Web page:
The collection of approximately 13,000 photographs contains an extensive range of images, including residences, churches, universities, museums, businesses, and public and municipal buildings, many of which were designed by prominent architects. Commonly, there are numerous photos of an individual building, showing exterior, interior, and a variety of views and architectural details. The photographs had been stored by the Indiana Limestone Company in various offices over the years, and were essentially abandoned in an unconditioned, dilapidated house. They were housed in 15 metal file cabinets containing a total of 60 drawers and were organized with cardstock dividers by state, with each state broken into five categories: business, educational, governmental, religious, and other. The photographs are 7.5 x 9.5 inch black and white gelatin DOP (developing-out paper) prints, mounted on linen. While some are curled from slumping in the file drawers or show minor scratches and wear other than some dirt on the surface, the photos are in stable physical condition. Few of the photos appear to be torn, creased, or damaged. The linen is well-adhered to the photographs and has prevented them from sticking to one another in the damp storage conditions. A majority of the photographs have a formatted label adhered to the back. Categories on the labels include: four-digit ID number, subject, location, architect, type of stone, cut stone contractor, quantity (cubic feet), finish, quarry, date of erection, photographer, and other remarks. Not all of these fields are attributed on each labeled photograph. At least half of the photographs include the photographer's name on the label or the photography company's name. Some images also have the photographer's name reproduced on the front of the photo. The metadata uniquely distinguishes this collection because it provides an unusual amount of detail about the building and its construction.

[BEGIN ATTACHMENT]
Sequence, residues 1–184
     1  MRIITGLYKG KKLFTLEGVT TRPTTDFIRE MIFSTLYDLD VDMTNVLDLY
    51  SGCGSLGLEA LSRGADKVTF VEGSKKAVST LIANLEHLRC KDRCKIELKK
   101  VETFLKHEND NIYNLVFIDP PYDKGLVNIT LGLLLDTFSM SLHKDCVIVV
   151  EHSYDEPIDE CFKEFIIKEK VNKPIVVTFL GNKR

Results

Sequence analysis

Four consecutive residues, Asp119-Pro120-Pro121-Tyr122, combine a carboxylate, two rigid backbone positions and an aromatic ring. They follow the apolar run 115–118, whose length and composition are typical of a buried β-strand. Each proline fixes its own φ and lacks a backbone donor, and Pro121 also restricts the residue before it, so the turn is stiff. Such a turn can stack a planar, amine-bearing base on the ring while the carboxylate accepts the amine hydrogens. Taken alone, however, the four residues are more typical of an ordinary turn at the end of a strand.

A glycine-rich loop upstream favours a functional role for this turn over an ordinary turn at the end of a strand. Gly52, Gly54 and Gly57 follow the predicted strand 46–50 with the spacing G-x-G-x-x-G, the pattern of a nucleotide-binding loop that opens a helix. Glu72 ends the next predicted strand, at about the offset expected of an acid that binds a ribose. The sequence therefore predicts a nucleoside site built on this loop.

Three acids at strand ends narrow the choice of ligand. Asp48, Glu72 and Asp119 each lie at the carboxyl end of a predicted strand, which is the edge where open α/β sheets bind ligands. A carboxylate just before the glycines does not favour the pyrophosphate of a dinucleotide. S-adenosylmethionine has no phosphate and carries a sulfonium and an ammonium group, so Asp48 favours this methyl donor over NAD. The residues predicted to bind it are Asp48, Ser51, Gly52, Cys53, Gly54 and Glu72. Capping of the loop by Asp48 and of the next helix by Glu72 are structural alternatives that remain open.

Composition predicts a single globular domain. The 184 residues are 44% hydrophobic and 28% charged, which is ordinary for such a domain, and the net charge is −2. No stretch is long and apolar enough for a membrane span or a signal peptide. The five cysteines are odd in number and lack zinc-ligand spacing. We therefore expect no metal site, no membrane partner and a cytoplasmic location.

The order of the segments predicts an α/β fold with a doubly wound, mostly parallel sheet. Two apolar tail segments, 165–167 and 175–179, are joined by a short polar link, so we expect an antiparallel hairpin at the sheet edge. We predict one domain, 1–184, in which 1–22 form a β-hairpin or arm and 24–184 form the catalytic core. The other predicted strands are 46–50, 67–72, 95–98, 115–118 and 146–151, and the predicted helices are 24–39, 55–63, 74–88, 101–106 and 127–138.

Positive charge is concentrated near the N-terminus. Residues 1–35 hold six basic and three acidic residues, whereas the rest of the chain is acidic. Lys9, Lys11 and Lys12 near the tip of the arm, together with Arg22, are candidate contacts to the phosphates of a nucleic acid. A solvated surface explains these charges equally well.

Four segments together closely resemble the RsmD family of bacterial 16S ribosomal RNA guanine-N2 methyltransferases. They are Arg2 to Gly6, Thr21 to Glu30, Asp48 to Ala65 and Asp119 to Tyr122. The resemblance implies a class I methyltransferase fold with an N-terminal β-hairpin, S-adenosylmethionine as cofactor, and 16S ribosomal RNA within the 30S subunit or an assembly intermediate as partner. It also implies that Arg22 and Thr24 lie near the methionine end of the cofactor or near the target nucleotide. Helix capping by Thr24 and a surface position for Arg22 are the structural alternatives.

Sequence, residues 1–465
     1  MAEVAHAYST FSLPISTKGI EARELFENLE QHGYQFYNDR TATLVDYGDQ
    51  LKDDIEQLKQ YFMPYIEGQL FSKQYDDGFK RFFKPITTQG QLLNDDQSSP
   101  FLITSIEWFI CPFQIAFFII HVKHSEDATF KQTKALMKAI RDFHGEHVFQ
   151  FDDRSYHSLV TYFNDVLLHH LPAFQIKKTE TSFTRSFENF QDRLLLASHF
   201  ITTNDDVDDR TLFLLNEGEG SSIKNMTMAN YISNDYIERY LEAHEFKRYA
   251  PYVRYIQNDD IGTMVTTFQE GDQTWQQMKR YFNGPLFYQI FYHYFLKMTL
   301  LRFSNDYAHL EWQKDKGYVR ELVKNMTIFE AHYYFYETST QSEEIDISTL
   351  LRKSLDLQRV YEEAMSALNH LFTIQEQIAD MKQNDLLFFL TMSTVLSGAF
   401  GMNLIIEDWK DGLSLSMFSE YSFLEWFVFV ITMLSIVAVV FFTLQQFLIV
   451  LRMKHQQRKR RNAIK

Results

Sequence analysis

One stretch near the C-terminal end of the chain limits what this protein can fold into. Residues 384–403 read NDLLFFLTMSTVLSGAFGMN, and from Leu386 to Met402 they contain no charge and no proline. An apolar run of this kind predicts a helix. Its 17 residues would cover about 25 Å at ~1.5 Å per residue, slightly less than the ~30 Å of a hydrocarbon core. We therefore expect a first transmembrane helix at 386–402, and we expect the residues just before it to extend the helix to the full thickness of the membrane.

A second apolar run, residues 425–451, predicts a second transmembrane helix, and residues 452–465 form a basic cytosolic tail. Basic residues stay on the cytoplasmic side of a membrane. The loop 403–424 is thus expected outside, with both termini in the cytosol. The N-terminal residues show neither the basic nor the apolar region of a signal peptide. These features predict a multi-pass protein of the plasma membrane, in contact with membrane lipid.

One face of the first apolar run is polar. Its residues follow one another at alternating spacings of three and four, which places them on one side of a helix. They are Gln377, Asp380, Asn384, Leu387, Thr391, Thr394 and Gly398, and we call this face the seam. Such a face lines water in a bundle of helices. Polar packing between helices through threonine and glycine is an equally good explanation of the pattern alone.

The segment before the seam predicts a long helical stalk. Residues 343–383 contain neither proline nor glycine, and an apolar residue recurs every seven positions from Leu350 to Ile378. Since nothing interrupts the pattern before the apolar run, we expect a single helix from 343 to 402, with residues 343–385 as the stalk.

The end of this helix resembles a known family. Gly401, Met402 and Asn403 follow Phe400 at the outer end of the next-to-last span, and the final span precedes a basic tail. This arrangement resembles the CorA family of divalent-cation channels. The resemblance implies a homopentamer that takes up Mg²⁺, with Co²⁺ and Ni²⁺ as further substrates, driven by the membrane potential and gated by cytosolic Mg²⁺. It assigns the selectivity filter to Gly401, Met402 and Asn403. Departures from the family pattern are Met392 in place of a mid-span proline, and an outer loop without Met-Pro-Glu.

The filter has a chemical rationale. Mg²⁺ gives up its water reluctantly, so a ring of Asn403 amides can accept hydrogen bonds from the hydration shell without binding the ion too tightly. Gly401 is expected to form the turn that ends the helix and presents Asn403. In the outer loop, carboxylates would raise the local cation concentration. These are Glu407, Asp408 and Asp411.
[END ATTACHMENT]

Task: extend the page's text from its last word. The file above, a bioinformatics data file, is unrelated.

A previously unknown collection of more than 13,000 black and white architectural photographs were discovered in a dilapidated house owned by the Indiana Limestone Company in Bedford, Ind. These images of residences, churches, universities, museums, businesses, and public and municipal buildings, many of which were designed by prominent architects, document the use of Indiana limestone throughout the United States from the late 1800s to mid-1900s. The Indiana Geological Survey, an institute of Indiana University, proposes a two-year project to preserve and make this hidden collection publicly available. Remarkably holistic in scope, these photographs and their accompanying metadata can be studied across major humanities disciplines such as American history, architectural history, history of technology, urban studies, history of photography, historic preservation, labor history, and the history of geology. The Indiana Limestone Photograph Collection (ILPC) will be cataloged, digitized, archived, and made accessible through Indiana University Libraries Image Collection Online (ICO) website.
The Trustees of Indiana University
1906 - 1940
The majority of the photos in the ILPC are from the 48 contiguous United States; there are a small number from Canada.